A piece of software may seem an odd thing to get excited about but bear with me and I’ll make the case.
Although I currently use Adobe Photoshop and After FX for all my manip work, my preferred tool is a compositing application called Fusion. I got turned on to it in college, got an academic copy, and quickly fell in love with its powerful feature set. Unfortunately, Fusion is a Windows-only app so I had to say goodbye to it when I made the transition to Mac years ago. Every now and then, I’d check to see if there were any movement on the long-rumored Mac version, but there never was.
And then, earlier this year the company that makes Fusion was acquired by Blackmagic Design.
Several years ago, Blackmagic bought a company called Da Vinci Systems that made professional grade color correction systems for film and tv. We’re talking about software that cost tens of thousands of dollars. Today, Blackmagic sells the high-end product with its bespoke hardware for thirty-grand. But, the software alone now only costs $995 USD. They even give away an entry-level version of the application for free. And, they ported what was a Windows-only product to Mac and Linux.
So, the news Blackmagic had bought Fusion had the entire visual fx industry elated. A Mac version was finally a certainty as well as a lower price point (Fusion costs around five-thousand dollars per license). This week, to my joy, Blackmagic did exactly what we all hoped they would.
Fusion is, officially, on its way to Mac. No timeline on its release, but the work has begun. For me, knowing that someday in the not-too-distant future I’ll be able to return to the compositing tool that I used to create Orientation, and many other early animated manips, is really exciting. Every time I start a new animation in After FX, I miss Fusion a little bit; its a tool that was a very good fit for me.
So, why am I telling you all this?
Because, I know most of you are Windows users and that means that most of you can go and download Fusion right now…for free. Blackmagic has released two versions of the software. Fusion and Fusion Studio. The Studio version now runs just $995 and includes some high-end features most of us will never use (tools for stereoscopic 3D, network rendering, plugins, etc). Aside from those features, Fusion is now 100% free with no strings attached.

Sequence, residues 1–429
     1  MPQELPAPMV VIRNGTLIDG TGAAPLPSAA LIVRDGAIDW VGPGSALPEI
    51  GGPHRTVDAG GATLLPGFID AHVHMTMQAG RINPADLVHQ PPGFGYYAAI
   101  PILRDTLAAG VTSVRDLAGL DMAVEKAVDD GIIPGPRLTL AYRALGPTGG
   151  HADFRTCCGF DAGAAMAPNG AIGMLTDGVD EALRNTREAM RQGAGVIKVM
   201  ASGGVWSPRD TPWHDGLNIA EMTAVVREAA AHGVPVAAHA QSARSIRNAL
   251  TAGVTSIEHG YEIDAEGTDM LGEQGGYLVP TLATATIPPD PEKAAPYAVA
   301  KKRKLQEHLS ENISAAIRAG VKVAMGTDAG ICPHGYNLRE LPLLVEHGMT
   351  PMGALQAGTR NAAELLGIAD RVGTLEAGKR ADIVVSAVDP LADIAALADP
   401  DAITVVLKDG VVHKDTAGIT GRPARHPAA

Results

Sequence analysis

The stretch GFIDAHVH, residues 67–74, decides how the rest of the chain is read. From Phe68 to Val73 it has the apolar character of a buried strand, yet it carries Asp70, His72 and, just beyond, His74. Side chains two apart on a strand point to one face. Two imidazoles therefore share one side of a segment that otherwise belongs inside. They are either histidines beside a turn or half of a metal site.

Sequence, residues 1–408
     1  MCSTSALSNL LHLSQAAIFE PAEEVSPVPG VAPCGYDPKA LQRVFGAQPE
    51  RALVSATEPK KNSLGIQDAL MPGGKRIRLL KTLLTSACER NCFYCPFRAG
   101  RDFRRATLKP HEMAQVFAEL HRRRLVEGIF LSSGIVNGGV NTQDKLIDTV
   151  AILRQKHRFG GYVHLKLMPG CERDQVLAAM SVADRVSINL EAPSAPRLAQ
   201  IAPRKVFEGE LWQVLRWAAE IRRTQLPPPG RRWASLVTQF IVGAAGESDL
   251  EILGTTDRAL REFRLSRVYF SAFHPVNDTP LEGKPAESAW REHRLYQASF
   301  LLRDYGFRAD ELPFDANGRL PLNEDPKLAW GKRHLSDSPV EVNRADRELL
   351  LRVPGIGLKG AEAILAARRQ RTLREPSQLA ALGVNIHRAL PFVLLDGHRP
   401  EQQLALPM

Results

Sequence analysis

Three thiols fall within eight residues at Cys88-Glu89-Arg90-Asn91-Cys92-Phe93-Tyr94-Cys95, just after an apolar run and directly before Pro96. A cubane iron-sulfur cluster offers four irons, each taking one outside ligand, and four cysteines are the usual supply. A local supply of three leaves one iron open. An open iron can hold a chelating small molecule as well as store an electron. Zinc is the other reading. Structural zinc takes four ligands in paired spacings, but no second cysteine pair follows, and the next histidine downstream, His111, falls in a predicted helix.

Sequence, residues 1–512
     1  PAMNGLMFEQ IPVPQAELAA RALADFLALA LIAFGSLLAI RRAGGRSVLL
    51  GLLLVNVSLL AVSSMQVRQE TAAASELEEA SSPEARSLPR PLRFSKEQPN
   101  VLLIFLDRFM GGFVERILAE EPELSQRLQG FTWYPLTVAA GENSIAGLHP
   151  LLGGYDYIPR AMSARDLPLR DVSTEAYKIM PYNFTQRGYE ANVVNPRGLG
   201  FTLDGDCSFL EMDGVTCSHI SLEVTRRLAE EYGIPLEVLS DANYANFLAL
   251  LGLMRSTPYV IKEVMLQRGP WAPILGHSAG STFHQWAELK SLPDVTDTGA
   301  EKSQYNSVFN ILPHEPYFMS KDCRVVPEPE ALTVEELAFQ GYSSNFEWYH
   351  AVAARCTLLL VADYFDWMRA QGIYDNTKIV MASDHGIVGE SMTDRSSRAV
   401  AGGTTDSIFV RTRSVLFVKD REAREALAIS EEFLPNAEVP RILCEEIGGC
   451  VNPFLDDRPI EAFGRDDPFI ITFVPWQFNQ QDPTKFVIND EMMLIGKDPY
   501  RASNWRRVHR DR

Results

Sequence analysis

So, what’s the catch? The learning curve. Fusion is a professional tool that can be very intimidating for an entry-level user. However, there are hundreds, if not thousands, of tutorial videos on YouTube that can walk you through almost anything you need to know about what the software can do.
And, what this software can do is almost anything. It can replicate nearly all of the functionality I use in Photoshop when doing manips. It can also do animation, 3D objects and text, visual FX, 3D particles. This is a very powerful piece of software. If you’re willing to tackle the learning curve and teach yourself how it works, you could conceivably use this single application to do any of the manips in my catalog. That’s how deep its feature-set is.
I get emails from many of you asking about the software I use and what I’d recommend. Just recently, someone asked for advice on achieving an effect that they couldn’t accomplish in the photo-editor they’ve been using. So, I wanted to share with all of you the news that there is a professional-quality tool that is now available to you (on Windows) that is limited only by your imagination.
I hope that this will facilitate all the artists out there to make even more great manips with great animations, and fx, and (especially) imagination. You can download Fusion here and you can start on a great series of learning videos here.
I can’t wait to see what you create.